A TEAM OF Chinese-led scientists made international headlines in May with newly published research that showed a surprising result. The Ice Age humans who crossed what is now the Bering Strait and populated North America had origins not only in Siberia, as previously known, but also in coastal China. The work of the team, which included Italian researchers, involved the collection and analysis of 100,000 genetic samples covering modern populations from nearly all of Eurasia, and more than 15,000 ancient samples.
It is the kind of painstaking collaborative work that pushes the boundaries of knowledge. But it is also the kind of work that has become increasingly hard to do in China, or in co-operation with Chinese scientists. In recent years the country has, for the most part, tightened its regulations on the sharing of “human genetic resources” (hgr) with foreign entities.
China’s rules, updated on June 1st, cover not only organs, tissue and bodily fluids but also data based on such material. Permission must be obtained through a byzantine application process before any export abroad or any sharing with foreign-controlled entities within China.
Dr Yu-Chun Li, the lead author of the study on Ice Age migration, says the required approvals did not take long and the rules did not impede her team’s research. But many other scientists, Chinese and foreign, say they are having a harder time.
The regulatory regime imposes a heavy burden on multinational pharmaceutical firms and stifles international collaboration on biomedical research. Foreign companies conducting clinical trials in China have had to recruit dedicated hgr compliance teams in order to keep from running afoul of the rules. Violations can lead to both administrative and criminal punishment. “It creates this chilling effect,” says a person in the drug industry.
There have been no publicised cases of criminal penalties since the earliest regulations were introduced in 1998. But numerous entities have been disciplined, ranging from AstraZeneca, a global pharmaceutical giant, to Huashan Hospital in Shanghai, one of China’s most prestigious.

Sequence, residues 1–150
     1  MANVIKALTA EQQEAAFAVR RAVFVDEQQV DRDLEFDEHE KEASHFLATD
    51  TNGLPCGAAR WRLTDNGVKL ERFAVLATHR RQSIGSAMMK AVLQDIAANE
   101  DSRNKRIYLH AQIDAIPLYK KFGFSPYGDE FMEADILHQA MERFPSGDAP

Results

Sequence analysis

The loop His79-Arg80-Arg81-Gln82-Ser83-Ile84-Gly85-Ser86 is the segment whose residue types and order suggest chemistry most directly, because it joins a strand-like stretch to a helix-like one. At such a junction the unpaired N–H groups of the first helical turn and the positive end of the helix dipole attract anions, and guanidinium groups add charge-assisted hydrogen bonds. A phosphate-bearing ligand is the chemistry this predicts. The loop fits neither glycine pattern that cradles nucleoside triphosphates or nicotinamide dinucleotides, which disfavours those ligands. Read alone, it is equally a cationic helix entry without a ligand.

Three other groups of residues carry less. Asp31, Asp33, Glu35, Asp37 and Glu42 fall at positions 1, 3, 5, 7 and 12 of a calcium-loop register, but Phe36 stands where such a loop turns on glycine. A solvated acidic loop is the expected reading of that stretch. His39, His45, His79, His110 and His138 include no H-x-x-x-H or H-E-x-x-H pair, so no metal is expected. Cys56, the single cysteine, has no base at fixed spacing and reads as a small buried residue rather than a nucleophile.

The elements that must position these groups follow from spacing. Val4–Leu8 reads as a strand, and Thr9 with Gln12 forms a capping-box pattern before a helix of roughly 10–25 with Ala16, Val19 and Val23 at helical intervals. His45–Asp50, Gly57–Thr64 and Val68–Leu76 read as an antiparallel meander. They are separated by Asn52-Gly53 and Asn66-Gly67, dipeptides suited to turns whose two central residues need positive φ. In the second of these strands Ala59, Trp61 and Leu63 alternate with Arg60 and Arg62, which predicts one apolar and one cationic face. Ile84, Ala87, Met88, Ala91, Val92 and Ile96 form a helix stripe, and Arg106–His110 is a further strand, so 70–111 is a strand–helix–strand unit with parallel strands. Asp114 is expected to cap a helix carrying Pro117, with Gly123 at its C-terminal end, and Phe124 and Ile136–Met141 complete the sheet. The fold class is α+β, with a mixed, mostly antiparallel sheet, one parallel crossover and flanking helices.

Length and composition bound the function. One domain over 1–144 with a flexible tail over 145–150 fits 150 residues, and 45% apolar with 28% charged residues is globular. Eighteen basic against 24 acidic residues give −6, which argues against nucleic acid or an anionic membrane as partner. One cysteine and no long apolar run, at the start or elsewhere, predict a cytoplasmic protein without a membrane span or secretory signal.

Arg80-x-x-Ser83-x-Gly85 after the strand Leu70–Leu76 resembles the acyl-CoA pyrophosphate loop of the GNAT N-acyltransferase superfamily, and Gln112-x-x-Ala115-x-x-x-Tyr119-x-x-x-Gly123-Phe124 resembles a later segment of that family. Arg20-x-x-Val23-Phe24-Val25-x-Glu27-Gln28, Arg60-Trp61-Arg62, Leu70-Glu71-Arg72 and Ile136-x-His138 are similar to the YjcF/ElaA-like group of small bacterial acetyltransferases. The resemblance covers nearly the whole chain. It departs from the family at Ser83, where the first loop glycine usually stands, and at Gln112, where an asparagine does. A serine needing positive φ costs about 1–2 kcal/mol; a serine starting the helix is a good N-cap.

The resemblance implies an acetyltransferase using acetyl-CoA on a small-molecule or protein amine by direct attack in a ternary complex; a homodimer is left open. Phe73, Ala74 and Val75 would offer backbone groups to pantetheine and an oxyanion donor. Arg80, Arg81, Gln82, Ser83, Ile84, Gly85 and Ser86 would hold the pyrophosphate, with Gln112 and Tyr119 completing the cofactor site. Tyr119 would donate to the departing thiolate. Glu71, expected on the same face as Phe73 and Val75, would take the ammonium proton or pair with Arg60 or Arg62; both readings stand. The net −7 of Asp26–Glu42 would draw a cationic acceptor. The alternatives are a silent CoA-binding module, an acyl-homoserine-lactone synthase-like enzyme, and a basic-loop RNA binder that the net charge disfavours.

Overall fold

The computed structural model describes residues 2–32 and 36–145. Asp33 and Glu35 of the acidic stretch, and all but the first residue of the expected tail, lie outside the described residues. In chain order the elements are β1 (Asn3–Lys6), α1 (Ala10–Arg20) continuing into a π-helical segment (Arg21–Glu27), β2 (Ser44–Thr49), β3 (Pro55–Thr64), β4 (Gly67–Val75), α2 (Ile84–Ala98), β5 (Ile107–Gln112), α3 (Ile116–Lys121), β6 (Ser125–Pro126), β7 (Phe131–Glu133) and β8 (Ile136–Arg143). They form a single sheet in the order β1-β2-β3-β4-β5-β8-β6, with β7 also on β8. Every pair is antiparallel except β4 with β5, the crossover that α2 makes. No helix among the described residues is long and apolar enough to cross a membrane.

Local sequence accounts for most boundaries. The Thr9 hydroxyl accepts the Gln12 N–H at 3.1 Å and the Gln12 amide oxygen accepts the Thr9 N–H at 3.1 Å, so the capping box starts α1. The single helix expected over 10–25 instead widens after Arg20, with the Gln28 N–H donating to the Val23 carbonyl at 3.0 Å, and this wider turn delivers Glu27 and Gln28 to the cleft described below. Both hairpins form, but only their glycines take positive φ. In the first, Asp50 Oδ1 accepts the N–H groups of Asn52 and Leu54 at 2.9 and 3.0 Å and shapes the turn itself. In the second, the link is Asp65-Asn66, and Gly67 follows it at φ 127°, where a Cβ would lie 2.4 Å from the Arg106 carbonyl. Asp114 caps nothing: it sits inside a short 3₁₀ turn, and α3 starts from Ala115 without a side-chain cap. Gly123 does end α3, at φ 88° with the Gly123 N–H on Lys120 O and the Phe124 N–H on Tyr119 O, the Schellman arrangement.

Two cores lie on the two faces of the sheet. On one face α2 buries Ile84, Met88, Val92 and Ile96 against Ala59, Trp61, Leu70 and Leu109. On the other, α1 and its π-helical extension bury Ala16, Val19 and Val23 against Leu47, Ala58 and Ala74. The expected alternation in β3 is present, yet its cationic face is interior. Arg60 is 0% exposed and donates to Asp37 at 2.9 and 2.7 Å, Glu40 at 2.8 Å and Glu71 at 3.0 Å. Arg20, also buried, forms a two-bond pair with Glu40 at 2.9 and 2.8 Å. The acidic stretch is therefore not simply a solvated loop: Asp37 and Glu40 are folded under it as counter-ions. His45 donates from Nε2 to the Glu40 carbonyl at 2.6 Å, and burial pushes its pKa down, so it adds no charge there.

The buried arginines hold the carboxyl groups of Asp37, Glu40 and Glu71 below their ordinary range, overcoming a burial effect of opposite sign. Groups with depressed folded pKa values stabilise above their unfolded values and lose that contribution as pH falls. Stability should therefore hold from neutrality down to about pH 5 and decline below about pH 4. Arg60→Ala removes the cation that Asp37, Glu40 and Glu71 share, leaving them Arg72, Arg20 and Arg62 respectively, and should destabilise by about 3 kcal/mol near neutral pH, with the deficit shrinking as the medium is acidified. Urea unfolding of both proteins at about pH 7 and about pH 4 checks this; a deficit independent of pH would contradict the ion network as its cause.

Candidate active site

Many governments regulate the collection and use of genetic data and material, mainly out of concern for standards of informed consent and patient privacy. “But China takes it to the extreme. They view it as a very valuable resource,” says Lester Ross of WilmerHale, a law firm.
The updates do loosen restrictions in some areas. Katherine Wang of Ropes & Gray, another law firm, sees the simplification of review and approval procedures as a positive development. Clinical information, medical imaging and metabolic data, previously regulated as HGR data, now fall outside the government’s definition. The state has also clarified its definition of a “foreign entity”, which had been vague.
But some of those affected by the rules are disappointed that the science ministry remains in charge of enforcing them. Many expected the updates to shift responsibility to the national health authority, which, it was hoped, would be more sensitive to the needs of researchers. The new rules also strengthen the link between the HGR regime and national-security laws.
Rao Yi of Peking University believes the impulse to restrict the sharing of genetic resources arose decades ago among people who did not understand the science and believed genetic material could be used to design bioweapons targeted at Chinese people. But it is the Chinese public that stands to lose from the dearth of Chinese samples made available to scientists elsewhere. Nearly 90% of the data used for worldwide genetic research comes from sources in the West, notes Mr Rao, meaning most studies focus on disease-associated mutations in those populations.
For years Xi Jinping, China’s leader, has made reference to what he calls “the red gene”. This metaphorical bit of revolutionary dna, he has said, can be passed from generation to generation and “penetrate into the blood” of the Chinese masses. When it comes to the real-world genetic material of China’s people, his government seems to hold similarly strong views about where it may or may not be passed. ■
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